An important tenet of my classroom is everybody reads. This includes me. While often times I’d much rather be catching up on grading notebooks or responding to that parent email, it’s important that my students see that I read also. At first, I was focusing on reading YA exclusively. This way, I could recommend books to students and gasp during silent sustained reading to pique their interest and start a waitlist for what I was reading. But now that the school year is well underway and my expectations are clear, everyone needs to push themselves.
YA is one of my favorite genres, but only reading and recommending YA to my students is doing them a disservice. A common conversation I have this time of the school year goes something like this:
“All these books are boring.” The student puts down the third book she picked up that was just like all the other books she’s read this year.
“They’re boring because they aren’t challenging you. You’ve gotten much better at reading since the start of the school year. Here, try this.” I hand her a book that’s at least a hundred pages longer than anything she’s read this year. Her eyes go wide.
“I can’t read this!” she says.
“Why not?” I ask.
“Look at the print. It’s way too small.”
We end up debating until she finally agrees to at least give it a try. More often than not, the student takes the book and keeps reading outside class.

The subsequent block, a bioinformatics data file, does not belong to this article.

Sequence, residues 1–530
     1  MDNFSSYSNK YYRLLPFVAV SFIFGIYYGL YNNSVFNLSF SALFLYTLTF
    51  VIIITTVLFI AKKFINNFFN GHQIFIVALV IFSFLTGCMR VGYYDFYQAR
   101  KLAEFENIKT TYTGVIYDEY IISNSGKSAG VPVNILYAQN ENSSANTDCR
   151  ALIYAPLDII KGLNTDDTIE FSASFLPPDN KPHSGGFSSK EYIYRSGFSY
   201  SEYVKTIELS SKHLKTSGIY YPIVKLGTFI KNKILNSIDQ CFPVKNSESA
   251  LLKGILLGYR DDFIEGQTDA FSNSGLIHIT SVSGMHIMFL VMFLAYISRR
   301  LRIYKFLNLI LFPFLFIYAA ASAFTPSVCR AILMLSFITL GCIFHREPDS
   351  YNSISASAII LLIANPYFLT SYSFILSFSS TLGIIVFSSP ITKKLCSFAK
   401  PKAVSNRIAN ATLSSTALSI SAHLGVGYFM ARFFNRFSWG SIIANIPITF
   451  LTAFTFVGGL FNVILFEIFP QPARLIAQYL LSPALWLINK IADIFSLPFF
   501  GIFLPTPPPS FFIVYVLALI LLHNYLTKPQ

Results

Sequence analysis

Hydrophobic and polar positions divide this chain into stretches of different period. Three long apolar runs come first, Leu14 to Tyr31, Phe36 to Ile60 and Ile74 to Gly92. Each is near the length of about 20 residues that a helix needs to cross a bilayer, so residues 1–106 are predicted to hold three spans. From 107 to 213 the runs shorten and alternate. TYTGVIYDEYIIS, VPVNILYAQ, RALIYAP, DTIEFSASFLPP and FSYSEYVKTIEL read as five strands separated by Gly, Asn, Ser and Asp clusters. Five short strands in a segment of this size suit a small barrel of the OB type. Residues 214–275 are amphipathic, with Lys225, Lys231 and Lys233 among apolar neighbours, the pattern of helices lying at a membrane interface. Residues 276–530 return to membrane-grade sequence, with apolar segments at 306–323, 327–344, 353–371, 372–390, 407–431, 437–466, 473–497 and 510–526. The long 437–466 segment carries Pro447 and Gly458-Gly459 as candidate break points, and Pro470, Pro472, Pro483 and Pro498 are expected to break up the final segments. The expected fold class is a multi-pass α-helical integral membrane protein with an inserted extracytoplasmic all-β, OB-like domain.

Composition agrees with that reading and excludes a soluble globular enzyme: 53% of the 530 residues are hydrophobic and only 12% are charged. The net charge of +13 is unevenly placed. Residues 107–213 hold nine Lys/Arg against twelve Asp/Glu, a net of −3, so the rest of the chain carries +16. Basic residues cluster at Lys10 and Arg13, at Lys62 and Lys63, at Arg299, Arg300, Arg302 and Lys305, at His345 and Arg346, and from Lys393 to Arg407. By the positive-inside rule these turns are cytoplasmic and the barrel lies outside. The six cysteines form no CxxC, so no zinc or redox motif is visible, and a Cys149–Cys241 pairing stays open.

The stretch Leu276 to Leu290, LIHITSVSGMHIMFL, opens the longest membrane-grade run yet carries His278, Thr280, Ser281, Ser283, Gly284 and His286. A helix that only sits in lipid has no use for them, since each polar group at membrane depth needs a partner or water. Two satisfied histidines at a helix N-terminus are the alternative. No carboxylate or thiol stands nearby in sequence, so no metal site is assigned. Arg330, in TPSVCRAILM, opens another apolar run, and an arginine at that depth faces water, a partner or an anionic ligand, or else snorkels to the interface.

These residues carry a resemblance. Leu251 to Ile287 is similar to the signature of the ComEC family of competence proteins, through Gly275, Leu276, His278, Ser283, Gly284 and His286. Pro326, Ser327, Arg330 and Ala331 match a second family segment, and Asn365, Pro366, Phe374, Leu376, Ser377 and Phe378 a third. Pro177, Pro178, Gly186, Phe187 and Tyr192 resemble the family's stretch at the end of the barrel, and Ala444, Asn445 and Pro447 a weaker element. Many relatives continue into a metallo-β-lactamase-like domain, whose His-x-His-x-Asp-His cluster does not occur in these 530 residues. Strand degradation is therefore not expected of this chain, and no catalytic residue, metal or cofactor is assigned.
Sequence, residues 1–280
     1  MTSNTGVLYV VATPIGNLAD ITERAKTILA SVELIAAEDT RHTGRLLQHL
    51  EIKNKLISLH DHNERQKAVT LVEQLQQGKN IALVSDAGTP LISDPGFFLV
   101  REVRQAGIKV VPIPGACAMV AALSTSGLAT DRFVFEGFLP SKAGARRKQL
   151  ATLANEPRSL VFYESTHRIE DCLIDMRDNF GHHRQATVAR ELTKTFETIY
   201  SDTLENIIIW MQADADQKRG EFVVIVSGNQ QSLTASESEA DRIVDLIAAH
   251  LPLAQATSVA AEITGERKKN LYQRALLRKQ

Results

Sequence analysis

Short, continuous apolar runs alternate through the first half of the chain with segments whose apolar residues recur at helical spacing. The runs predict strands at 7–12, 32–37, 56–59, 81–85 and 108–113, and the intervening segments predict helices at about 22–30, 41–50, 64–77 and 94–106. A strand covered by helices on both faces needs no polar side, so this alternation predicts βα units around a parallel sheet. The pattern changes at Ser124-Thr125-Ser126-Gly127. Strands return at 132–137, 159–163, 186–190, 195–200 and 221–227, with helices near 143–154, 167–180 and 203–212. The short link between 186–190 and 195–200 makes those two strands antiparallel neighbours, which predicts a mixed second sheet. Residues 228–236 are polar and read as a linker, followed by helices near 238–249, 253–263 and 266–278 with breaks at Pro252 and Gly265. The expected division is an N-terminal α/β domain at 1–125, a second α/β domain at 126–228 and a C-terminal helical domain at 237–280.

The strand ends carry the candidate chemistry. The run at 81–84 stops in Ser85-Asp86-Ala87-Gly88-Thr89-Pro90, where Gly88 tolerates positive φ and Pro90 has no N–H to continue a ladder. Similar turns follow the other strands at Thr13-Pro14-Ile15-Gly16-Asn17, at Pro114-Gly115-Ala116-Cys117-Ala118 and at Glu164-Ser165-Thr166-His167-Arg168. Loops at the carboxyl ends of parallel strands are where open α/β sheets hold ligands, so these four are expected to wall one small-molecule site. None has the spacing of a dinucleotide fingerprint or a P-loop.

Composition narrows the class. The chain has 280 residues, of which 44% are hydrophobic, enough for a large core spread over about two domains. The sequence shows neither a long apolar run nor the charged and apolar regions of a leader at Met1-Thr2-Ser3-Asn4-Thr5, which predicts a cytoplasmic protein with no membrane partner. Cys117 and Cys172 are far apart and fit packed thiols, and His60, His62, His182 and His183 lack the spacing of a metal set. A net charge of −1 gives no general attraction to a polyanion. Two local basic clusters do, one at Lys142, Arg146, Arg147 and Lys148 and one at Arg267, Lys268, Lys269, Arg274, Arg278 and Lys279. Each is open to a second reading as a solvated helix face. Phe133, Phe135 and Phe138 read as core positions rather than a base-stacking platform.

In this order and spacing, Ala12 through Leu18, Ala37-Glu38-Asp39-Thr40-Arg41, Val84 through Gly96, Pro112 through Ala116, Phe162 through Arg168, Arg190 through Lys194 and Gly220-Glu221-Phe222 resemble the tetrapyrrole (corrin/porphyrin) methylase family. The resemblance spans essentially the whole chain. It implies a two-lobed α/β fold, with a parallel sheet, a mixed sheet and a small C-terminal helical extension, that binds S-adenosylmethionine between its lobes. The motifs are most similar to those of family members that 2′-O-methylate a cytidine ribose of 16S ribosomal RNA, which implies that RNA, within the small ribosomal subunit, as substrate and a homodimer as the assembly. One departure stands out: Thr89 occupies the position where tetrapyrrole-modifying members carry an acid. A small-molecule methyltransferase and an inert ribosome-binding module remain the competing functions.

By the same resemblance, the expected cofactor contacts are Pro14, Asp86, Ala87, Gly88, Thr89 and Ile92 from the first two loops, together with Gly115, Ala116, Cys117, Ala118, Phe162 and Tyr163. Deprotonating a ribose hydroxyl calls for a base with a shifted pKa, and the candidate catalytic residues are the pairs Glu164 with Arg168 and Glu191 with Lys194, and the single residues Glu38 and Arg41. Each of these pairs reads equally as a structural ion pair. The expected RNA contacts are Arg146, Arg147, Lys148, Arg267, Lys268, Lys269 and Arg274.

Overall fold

As an educator, how can I not rise to the same expectations I hold my students to? Here are two books I’m using to challenge myself in the coming months:
This book follows the history of unmarried women in America and how they have shaped our nation. I have loved Traister’s shorter work on women’s culture, specifically the Post-Weinstein Reckoning. I have to stop at least once every two pages to look up a word in the book on my Merriam-Webster app, but it’s making me a better reader. Also, letting my students see me as a continuing learner instead of a know-it-all English teacher is another lesson worth teaching.
This book examines the education system and how it is designed to push out many girls of color based on unspoken cultural expectations that these children are not only unable to live up to, but also unaware of. Morris tells the real stories of so many girls that haven’t been listened to previously. This is making me a better reader by also making me a better teacher. Many of the stories are difficult and make me uncomfortable, which is even more reason to finish.